Apple and Pear Biological Control


PO Box 1555, Ventura, CA 93002

800-248-2847  *  805-643-5407

fax 805-643-6267



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A successful IPM program in orchards will utilize many cultural practices such as proper irrigation to maintain leaf temperature, kaolin-clay barriers, mating disruption and trapping, as well as beneficial insect releases.  The following are general guidelines for augmenting insect diversity to control the common pests found in Washington apple growing regions.  See WSU Tree Fruit Research and Extension Center for complete management strategy. 


Mite Control:

The western predatory mite, Galendromus occidentalis, is ideal as it is a predator of all common mite pests in orchards, tolerant of hot, dry conditions, and resistant to many pesticides (contact us with compatibility questions).  Release 2,500-5,000 per acre early in the season at the first sign of spider mites using the presence-absence sampling method.  Continue sampling and repeat in 1-2 months if control is not achieved. 

For hot spots, use the Spider Mite Destroyer ladybeetle, Stethorus punctum.  It has been effective in controlling mites in Pennsylvania apple orchards and released in raspberries and hops in central Oregon with good results.  Release 20 Stethorus per infected tree in hot spots.  They will remain in the trees as long as mites are present, and then move into the environment.  If mites return, they will follow them back into the trees.  Green lacewing (see below) will also aid in mite control.


Aphid Control:

Natural parasites and predators of aphids are common in organic orchards.  Insecticides are detrimental to these and should not be necessary with an IPM program including monitoring and preventative releases of beneficial insects. 

The aphid predatory midge Aphidoletes aphidimyza works extremely well in orchards.  The larval stage is a general aphid predator and the adult midge will disperse throughout the orchard laying eggs in areas of high pest density.  Two weekly introductions of 10,000 per acre will establish for numerous years.  They can be generally applied on the windward side, or, even better, 5,000 applied generally on the windward side, at dusk, and the rest applied in effected trees.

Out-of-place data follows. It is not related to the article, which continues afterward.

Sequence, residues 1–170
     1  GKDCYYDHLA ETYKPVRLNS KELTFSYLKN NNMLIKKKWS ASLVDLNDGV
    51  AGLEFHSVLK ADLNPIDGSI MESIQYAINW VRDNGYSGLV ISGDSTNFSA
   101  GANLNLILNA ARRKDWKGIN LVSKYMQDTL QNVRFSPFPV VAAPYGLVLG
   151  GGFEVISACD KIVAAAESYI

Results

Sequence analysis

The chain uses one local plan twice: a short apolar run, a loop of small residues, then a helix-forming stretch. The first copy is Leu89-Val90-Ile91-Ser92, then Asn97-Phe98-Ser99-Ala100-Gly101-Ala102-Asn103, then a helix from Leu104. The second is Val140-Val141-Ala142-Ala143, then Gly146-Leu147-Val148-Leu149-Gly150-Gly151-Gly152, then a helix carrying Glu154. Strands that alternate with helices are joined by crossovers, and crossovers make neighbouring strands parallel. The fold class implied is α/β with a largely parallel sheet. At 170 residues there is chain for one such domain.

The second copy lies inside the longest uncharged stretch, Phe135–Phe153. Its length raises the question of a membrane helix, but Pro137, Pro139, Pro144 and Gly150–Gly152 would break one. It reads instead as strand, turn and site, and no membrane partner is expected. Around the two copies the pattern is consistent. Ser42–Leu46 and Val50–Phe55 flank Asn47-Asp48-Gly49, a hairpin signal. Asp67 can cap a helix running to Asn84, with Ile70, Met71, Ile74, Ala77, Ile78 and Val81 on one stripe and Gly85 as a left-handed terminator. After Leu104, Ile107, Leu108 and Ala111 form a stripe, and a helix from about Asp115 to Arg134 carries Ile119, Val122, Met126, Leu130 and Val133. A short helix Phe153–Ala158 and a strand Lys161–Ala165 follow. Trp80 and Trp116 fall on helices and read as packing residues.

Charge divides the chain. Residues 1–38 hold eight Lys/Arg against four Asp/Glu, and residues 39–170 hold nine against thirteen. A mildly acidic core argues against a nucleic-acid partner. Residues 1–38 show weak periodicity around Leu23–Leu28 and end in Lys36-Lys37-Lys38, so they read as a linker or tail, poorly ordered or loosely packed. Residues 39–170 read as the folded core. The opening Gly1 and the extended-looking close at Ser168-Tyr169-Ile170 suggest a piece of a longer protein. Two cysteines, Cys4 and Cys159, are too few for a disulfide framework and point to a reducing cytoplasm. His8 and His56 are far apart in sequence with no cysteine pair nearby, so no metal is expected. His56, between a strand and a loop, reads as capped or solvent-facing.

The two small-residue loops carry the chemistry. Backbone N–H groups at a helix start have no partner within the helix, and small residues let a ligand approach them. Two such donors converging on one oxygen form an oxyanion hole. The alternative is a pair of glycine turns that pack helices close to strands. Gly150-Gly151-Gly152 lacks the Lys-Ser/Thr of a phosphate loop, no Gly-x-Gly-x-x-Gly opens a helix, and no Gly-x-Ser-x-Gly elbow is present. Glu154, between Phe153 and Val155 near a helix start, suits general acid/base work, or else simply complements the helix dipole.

Green lacewing, Chrysoperla carnea and C. rufilabris, larvae are general predators that will eat 200 aphids or pest eggs during their two-week larval stage.  The adults feed on pollen and nectar, and have great dispersal ability.  Female adults will lay hundreds of eggs close to sources of prey for the larvae.  Repeated releases, ant control, and providing food sources for the adults are critical for successful implementation of lacewing in an IPM program.  Use at a rate of 5,000-10,000 per acre every two weeks for 2-4 releases or until control is achieved. 

Cover cropping with corn, sudan grass, and beneficial ‘insectary’ plantings will greatly enhance biological control by forming banks of parasitized aphids and nectar food sources for the adult predators. 




Codling moth:

The lepidoteran egg parasite Trichogramma platneri is a U.S. native recommended for western trees.  Release 100,000 per acre for three consecutive weeks as soon as moths are detected in traps.  Can be used in conjunction with a mating disruption program.

For larval control, use Cyd-X granulovirus, spinosad or Bt sprays timed according to moth flight and degree-day calculations. 



Conservation of natural enemy complexes is the critical factor in controlling leafroller populations.  Many natural occurring parasites attack this pest.  Green lacewing releases are beneficial and the use of non-disruptive pesticides such as Bt or spinosad. 



Thrips are controlled by conserving natural predators and augmenting with releases of the general predator green lacewing as described before. 


The keys to effective biological control are starting early and regular monitoring.